Linda Jansen van Rensburg, Wim Naudé
Sustainable local economic development (LED); local government; local economic development; socio-economic rights; South Africa; human rights approach; governance.
Local governments throughout the world are assuming a more important role in economic development of their communities as an increasing number of governments begin to decentralise powers and functions. As these lower levels of government seek sustainable local economic development (LED) strategies the human rights approach towards development becomes pertinent as globalisation accelerates. This article proposes an emphasis on socio-economic rights as the basis for sustainable LED in developing countries. The article is based on the experience of South African local government in the period after 1994, leading up to the first democratic local government elections on 5 December 2000. Proceeding from the view that the promotion of human rights is necessary for the promotion of economic development, the article critically assesses the role of local government in the promotion of LED through a rights-based approach. It is argued that the identification in the South African Constitution of local government with basic service provision (recently emphasised by a Constitutional court judgment) will place socio-economic rights at the centre of LED strategies in South Africa. It is argued that this is indeed the most appropriate cornerstone of LED in South Africa. However, the transformation process that leads the country towards its progressive Constitution needs to be maintained and this article identifies five broad areas for transformation that may still be needed to entrench an adequate human rights culture within the sphere of local governance.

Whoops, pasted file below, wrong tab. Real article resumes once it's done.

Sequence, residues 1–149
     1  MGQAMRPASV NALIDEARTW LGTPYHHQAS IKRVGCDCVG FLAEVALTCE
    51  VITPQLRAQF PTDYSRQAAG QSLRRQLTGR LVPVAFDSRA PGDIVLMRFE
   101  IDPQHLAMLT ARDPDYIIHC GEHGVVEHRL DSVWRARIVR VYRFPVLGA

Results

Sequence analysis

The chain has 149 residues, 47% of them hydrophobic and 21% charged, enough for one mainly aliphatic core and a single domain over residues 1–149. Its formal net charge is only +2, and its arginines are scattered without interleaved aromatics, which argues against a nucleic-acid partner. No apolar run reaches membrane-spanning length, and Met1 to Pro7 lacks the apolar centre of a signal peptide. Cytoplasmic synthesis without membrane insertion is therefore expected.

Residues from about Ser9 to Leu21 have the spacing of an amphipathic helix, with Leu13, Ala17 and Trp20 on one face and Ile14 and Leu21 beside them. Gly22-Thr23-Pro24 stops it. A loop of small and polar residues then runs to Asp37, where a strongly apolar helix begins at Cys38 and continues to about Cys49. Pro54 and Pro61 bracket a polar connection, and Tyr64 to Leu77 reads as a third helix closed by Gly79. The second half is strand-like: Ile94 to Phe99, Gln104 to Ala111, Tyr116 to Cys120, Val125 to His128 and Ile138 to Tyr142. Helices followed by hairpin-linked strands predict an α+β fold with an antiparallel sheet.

(2007) 27(5) Public Administration and Development, 393-412.